Dr. Thomas Insel worked as the director of the NIMH for thirteen years, and now he is moving on to Google where he hopes to help develop technology to monitor our mental health.
Marcia Angell in the New York Review of Books writes about the inherent conflict in clinical trials between “the search for scientific answers," on one hand, and “the rights and welfare of human subjects,” on the other.
Google has hired the former director of the National Institute of Mental Health (NIMH), Thomas Insel, with plans to create “a wearable sensor to measure mood, cognition and anxiety.” Gizmodo points out the problems with this idea:“One can easily imagine a message popping up on some poor desk jockey’s monitor: ‘You’re not in the right mood today. Please take a day of unpaid leave.’ Or, worse: ‘We’ve detected signs of mental instability, based on how you’ve been talking and sleeping. Please report to a doctor immediately.’”
Former president of Psychologists for Social Responsibility (PsySR), Roy Eidelson discusses efforts to undermine the Hoffman report which revealed the American Psychologica Association’s collusion in torture. "First, from a familiar playbook, we have the obligatory attack on the patriotism of Hoffman and those who have criticized psychologists’ participation in abusive detention and interrogation operations,” he writes. “The most outrageous example comes from two retired military officers, David Bolgiano and John Taylor. In a recent piece they described the Hoffman Report as a ‘classic attack of cowards’ and also stated, ‘By the publication and release of this report, the APA becomes a willing co-conspirator to the likes of al Qaeda and ISIS.’”
Existential therapist and writer, Jason Dias, claims that there is something deeper and more pervasive than guns, drugs, or mental illness at the bottom of the United States’ mass shooting problem. On aNewDomain he writes: “We have to acknowledge that people who are despairing right now, they’re the sane ones, the normal ones. It makes sense to despair when you’re looked down on, tormented, bullied. When you feel different and you’re alienated. When your culture is alienated. When violence is glorified not by movies and games and television, but by the government, by the news. When violence is fetishized by political parties.”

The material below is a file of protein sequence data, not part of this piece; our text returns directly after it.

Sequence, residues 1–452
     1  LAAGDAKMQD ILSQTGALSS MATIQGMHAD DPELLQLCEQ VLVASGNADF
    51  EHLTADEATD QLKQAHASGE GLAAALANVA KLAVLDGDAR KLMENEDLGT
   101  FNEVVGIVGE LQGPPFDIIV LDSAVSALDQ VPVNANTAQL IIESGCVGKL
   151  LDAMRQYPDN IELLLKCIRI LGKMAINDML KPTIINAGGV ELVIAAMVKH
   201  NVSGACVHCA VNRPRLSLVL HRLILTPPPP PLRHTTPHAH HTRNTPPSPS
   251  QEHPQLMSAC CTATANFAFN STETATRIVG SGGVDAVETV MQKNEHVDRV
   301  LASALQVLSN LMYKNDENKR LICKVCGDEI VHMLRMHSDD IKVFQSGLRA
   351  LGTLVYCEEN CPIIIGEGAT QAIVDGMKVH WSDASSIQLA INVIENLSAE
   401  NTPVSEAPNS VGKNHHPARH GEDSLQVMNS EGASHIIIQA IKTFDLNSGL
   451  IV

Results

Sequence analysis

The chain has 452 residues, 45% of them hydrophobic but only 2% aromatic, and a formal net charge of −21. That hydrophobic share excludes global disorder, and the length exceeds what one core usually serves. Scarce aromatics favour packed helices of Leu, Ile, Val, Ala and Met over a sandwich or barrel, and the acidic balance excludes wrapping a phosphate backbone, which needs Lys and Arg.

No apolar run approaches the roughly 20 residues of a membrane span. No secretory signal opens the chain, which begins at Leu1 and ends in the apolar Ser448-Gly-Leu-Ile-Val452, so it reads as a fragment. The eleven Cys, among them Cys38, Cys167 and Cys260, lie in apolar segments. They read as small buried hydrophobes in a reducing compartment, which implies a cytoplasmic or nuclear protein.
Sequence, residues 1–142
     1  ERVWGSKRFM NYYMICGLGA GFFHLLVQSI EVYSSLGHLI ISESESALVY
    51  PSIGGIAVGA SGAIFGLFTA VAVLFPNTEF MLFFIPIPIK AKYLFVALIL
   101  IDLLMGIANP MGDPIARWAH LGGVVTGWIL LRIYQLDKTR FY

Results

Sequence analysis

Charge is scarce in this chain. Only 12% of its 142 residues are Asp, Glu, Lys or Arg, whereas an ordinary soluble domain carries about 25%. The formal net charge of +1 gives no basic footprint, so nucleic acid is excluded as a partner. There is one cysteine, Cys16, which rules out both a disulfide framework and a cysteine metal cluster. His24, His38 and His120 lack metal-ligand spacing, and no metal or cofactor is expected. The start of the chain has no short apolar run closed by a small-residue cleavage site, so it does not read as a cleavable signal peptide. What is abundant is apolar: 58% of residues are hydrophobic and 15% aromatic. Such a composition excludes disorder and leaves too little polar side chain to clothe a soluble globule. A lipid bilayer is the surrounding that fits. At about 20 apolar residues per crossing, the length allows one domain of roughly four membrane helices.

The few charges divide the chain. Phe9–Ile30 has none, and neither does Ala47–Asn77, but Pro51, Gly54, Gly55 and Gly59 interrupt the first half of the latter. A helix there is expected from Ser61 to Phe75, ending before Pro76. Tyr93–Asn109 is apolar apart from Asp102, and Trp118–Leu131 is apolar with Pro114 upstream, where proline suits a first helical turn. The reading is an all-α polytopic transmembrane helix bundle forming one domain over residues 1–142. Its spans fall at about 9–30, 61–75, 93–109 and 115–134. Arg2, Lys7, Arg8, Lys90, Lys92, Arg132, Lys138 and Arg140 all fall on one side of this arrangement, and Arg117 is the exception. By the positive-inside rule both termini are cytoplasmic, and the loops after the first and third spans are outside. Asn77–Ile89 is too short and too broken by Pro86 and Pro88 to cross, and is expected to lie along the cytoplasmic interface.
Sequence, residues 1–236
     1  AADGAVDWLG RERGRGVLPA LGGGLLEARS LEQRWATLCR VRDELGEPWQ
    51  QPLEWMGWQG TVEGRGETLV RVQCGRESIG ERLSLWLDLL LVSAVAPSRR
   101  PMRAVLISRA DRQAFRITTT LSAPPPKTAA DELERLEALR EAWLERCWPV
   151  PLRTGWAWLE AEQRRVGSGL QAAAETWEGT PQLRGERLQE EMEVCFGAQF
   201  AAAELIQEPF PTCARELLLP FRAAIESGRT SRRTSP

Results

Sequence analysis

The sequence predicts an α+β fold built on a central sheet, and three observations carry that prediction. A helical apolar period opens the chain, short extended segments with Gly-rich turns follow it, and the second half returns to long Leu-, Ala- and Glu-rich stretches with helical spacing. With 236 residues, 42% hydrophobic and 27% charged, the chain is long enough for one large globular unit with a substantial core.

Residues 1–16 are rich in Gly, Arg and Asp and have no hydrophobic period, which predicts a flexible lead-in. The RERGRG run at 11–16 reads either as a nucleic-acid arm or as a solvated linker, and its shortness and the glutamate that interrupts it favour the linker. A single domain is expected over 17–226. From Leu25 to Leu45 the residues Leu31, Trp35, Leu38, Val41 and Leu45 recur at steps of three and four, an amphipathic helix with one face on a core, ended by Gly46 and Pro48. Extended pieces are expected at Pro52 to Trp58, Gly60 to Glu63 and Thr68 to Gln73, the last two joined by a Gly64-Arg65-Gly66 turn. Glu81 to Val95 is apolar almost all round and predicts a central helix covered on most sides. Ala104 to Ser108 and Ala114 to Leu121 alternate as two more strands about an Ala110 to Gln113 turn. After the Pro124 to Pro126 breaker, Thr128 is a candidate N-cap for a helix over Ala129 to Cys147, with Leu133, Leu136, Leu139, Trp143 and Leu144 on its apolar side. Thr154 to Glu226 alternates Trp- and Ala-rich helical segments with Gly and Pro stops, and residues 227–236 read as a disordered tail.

The BBC reports that the number of people in Scotland taking antidepressants has increased by 5% in the past year with most of the patients being women and those in the poorest parts of the country. “We are now looking at the flabbergasting statistic of more than one in seven people in Scotland being prescribed antidepressants this year,” Conservative health spokesman Jackson Carlaw said. “We urgently have to look at better alternatives than simply parking people on medication in the hope things don't get any worse, with no aspiration for complete recovery."
On Tuesday morning, the ACLU filed a lawsuit on behalf of three former detainees against the psychologists who collaborated with the Central Intelligence Agency (CIA) to oversee the torture program. According to the Intercept, psychologists James Mitchell and John “Bruce” Jessen and their employees collected over $85 million dollars for designing and implementing techniques, based off of the work of Martin Seligman, that combatted torture-resistance techniques by creating a state of “learned helplessness.” There is, however, no evidence that these techniques gleaned any useful intelligence.
To coincide with World Mental Health Day on October 10th, 2015, Verso Books, the largest independent and radical publishing house released a series of blogs on mental health and critical and antipsychiatry. The posts include pieces on R.D. Laing, colonialism, women’s oppression, delusions and art, “The Happiness Industry,” and social and institutional oppression.